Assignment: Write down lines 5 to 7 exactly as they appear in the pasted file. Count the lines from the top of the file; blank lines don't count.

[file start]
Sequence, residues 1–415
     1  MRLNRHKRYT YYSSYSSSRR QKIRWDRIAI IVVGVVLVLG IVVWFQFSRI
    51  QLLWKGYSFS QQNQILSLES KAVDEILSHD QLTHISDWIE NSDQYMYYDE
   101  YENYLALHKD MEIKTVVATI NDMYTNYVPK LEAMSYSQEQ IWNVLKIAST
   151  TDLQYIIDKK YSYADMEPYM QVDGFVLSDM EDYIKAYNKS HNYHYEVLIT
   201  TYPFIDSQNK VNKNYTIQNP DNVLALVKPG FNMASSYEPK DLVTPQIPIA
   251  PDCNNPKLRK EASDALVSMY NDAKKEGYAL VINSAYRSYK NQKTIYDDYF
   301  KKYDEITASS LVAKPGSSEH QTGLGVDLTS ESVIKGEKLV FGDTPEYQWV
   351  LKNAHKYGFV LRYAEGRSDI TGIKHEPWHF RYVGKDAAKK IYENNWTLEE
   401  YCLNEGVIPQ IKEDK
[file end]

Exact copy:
   151  TDLQYIIDKK YSYADMEPYM QVDGFVLSDM EDYIKAYNKS HNYHYEVLIT
   201  TYPFIDSQNK VNKNYTIQNP DNVLALVKPG FNMASSYEPK DLVTPQIPIA
   251  PDCNNPKLRK EASDALVSMY NDAKKEGYAL VINSAYRSYK NQKTIYDDYF